Also, Sonia unearthing his sordid past and thereby connecting the unclear photographs with a lurking spirit when actually Avi should’ve done this because he well knows his past, looks far-fetched. Why Avi never bothered to know what happened to Aarti after she was raped by his drunken friends is just not explained, probably because the writer couldn’t think of a justifiable reason for his behaviour or he didn’t think it was necessary to answer that question that actually crops up in people’s minds.
The climax leaves the viewer unsatisfied because the problem remains unresolved. The writer may argue that what the climax does is that it reveals the problem threadbare but that’s not enough because the viewers get a hang of the problem much before the climax and it doesn’t really matter if what finally emerges is only answers to some questions which make the problem appear more clearly.
In the alternative, the writer may hold forth the argument that Sonia is clear about the problem in the climax but then, Click is not as much Sonia’s story as it is Avi’s. All in all, the writing may not be bad but it is not good either. Since the spooky element is limited, the audience doesn’t experience a feeling of fulfilment after watching the horror film. Dialogues (Sameer Arora and Vivek Budakoti) are too ordinary to be true.
Shreyas Talpade does a fair job although it must be said that he just doesn’t have the personality to carry off the clothes and hairstyle of a cool and young photographer without a care in the world. As Sonia, Sada acts well. Sneha Ullal has limited expressions on her face and does an average job. Rehan Mirza has his moments in an otherwise inconsequential role. Chunkey Panday is so-so. Avtar Gill, Jyoti Dogra (as Sneha Ullal’s mother) and Shishir Sharma (as Sneha’s father) lend able support.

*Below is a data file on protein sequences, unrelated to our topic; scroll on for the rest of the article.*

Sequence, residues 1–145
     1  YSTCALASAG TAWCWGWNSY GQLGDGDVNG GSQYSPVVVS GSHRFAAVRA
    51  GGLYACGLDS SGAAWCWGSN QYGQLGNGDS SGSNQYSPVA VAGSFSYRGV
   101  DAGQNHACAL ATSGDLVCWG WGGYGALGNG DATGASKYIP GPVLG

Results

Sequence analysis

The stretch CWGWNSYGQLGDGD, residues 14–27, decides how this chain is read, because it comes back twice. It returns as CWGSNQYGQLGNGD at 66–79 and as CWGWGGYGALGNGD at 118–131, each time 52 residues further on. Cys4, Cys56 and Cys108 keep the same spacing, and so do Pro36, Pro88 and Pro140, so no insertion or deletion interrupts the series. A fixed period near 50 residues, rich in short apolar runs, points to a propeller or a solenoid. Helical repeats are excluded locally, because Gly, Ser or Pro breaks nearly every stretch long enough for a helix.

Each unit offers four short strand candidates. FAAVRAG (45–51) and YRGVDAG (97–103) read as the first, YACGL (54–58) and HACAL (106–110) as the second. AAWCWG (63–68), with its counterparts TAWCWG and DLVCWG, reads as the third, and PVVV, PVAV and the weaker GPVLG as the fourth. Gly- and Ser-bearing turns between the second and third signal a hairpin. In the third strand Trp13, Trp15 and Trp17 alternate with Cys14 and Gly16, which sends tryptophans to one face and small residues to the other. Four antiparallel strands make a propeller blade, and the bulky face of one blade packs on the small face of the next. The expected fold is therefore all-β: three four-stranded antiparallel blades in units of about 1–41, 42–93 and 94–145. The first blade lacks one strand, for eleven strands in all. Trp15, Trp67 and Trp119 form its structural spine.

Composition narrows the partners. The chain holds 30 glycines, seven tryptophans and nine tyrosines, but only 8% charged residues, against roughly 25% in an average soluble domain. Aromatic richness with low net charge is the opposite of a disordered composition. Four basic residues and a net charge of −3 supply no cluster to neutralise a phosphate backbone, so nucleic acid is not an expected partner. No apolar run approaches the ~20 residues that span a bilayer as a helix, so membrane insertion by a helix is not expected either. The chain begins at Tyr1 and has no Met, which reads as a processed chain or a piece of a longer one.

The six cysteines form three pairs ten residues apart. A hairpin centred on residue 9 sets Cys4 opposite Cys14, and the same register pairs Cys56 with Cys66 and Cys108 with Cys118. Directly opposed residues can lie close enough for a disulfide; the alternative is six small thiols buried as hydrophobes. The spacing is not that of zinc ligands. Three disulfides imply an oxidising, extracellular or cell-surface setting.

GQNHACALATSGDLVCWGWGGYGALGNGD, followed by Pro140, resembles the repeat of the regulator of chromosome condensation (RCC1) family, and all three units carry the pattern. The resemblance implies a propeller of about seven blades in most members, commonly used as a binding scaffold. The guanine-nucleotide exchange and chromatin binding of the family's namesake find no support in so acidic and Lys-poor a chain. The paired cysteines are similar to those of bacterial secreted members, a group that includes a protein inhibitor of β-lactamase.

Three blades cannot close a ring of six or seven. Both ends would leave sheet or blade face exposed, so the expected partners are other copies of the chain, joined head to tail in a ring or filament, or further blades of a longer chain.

Dhruv and Pankaj (both as Avi’s friends), Arya (as Rehan Khan’s fiancee), Neha Mishra (as Dhruv’s girlfriend), Kavita Varma (as Pankaj’s girlfriend), Jeetu Vyas (as the doctor), Jigesh Vyas (assistant to Shreyas Talpade) and Padam Singh (as the policeman) are less than ordinary. Most of the actors in the film have worn poor costumes and their diction is very faulty (for instance, ‘posseeeble’ instead of ‘possible’ and ‘deeen’ instead of ‘din’ as in ‘day’).
Sangeeth Sivan’s direction is fair but the poor budget, the mediocre star cast and the weak screenplay have taken their toll on his craft. Shamir Tandon’s music is okay. The ‘Aamin’ song is quite nice although it hardly looks like a song for an engagement part. Frankly, celebrating (or holding) Tarun’s engagement in a discotheque (!!) also looks ridiculous.
Absence of hit or haunting music in a horror film, it may be added here, can be quite a negative point.
Sandeep Chowta’s background score passes muster. T. Ramji’s camerawork does not add much to creating the eerie and scary atmosphere. Action (Raam Shetty) is functional. Chirag Jain’s editing is quite nice. Production values are ordinary.
On the whole, Click is too tame to make an impact. Its low budget is the biggest plus point in an otherwise ordinary fare.